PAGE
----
Posted by Matthew L. | Report as abusive

The efficiency of charitable giving and the benefits procured from voluntary effort are always much higher then the inefficiency of the government dole out. There are more social security administrators then social security recipients. Charitable organizations have cheerful volunteers(their free time). Government has employees. The biggest welfare recipients are government workers and large corporations. Individual welfare recipients have no personal involvement from the community to change their lives into more productive individuals, and thus creates idle individuals leaning more toward crime and counterproductive behavior.

Truth be known, the entire motive of politicians for increasing the tax burden has nothing to do with needed funds. They have a central bank to produce as many Federal Reserve Notes as they need. The motive is for creating a higher demand for those Federal Reserve Notes so people don’t resort to using private currencies. It is one more way to subsidize the behemoth financial system we have forced upon us. On top of that, directing the tax increases into things like this are for the intent of transferring purchasing power from charitable organizations to the corporations and financial institutions that lobby our government for more control.

Posted by J Johnson | Report as abusive

I’m not a big fan of this writer, she’s a biased republican apologist and that needs to be taken into account when you read these things.

That being said she’s dead on. ANYTHING that raises taxes on a public where the average homeowner pays 30% in taxes/fees one way or another should eb screamed out against. People give what they afford, they’re taxed than there’s less they can afford.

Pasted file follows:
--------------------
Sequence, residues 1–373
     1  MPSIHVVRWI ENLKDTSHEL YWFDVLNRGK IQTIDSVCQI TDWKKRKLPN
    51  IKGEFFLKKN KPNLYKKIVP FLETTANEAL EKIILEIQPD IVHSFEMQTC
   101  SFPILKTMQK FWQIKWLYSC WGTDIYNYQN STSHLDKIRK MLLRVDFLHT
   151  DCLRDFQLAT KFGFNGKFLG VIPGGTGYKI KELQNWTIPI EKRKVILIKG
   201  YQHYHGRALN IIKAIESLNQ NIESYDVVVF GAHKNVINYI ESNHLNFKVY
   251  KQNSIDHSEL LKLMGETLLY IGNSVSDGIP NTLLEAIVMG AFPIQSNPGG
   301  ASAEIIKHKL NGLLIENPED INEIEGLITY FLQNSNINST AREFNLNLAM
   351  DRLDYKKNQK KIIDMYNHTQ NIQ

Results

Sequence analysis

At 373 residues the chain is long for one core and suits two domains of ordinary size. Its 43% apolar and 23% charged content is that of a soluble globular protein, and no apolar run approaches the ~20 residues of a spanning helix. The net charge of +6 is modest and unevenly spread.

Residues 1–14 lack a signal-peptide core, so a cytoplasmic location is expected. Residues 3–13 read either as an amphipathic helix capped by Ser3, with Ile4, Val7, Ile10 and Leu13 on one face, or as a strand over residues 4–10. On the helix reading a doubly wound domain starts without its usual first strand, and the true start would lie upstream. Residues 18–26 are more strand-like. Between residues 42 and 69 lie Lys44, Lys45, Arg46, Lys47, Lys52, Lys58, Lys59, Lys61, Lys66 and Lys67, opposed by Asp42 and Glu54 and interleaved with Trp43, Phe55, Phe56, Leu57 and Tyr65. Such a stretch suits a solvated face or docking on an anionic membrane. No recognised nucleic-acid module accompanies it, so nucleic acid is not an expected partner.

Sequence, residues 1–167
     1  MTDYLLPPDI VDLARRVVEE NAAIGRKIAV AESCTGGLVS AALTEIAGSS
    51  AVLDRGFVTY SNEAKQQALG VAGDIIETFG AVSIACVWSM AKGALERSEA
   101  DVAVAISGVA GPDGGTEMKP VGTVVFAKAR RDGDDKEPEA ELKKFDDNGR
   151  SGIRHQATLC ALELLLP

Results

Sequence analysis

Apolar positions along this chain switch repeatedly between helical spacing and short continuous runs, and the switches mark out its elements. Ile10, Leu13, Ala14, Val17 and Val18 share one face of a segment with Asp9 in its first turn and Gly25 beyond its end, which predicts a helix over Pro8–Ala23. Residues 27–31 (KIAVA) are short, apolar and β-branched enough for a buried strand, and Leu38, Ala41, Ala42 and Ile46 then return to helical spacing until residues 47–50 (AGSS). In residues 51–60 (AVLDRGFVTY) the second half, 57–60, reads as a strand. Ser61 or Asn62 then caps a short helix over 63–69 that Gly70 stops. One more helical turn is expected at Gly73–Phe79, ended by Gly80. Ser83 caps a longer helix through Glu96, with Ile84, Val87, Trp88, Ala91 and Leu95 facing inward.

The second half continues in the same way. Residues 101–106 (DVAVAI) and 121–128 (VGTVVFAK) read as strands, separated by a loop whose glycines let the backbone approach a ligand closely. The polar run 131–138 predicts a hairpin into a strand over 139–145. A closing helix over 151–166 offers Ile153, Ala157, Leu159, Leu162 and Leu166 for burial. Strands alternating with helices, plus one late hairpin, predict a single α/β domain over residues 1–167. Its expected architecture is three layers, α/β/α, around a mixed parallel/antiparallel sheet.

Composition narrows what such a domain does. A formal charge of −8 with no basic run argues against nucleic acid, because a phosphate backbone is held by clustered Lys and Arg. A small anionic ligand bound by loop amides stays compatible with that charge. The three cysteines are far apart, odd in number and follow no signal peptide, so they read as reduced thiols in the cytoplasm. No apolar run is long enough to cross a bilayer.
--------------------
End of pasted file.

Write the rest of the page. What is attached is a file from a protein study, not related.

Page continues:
The good thing is it doesn’t seem like most of the commenters are republican apologists, hopefully you’re all RON PAUL SUPPORTERS!!! ;)

Posted by Michael Ham | Report as abusive

She is right on. I don’t understand where some many of the repsonses here are coming from. Maybe someone will explain why someone should have to pay tax on money they gave away to charity. I am middle class and give about 15% to charity so this will not affect me, but I think it’s foolish to say that it would not affect those who give high percentages of their income to charities. If there is a cap, then it would prevent someone from giving high percentages since they would still suffer the tax burden of money they gave away.

Posted by Ben | Report as abusive


As taxes go up the rich have less money to invest with. Less money to invest with results in less jobs created and increases the incentive for businessmen in America to send jobs overseas. I know being one of them. If my whole business goes over there what does that do for America?

The “smart” government knows that they must give the wealthy incentives to keep business growing in their respective countries. To do that the government offers tax-breaks to them as a reward for producing jobs. In this case the charity donations tax deduction. Reducing the charity donation tax deduction will force me to give less to charity thereby forcing me to seek other tax shelters and reduce costs of doing business.

The working man however is affected by emotion and rightfully so since employees are heavily taxed. This is because sadly our tax laws are written in the favor of those who are rich and that is because the rich produce jobs. Therefore you have people saying the rich shouldn’t get tax-breaks and people shouldn’t base their charitable giving based on tax deductions.

The only way to solve the tax problem in america is to go back to a national sales tax. This is how we got of out debt (thanks to the wisdom of Alexander Hamilton) before and if only the right people would listen we do so again.

May the Lord bless all who read this comment

Posted by Bluemage | Report as abusive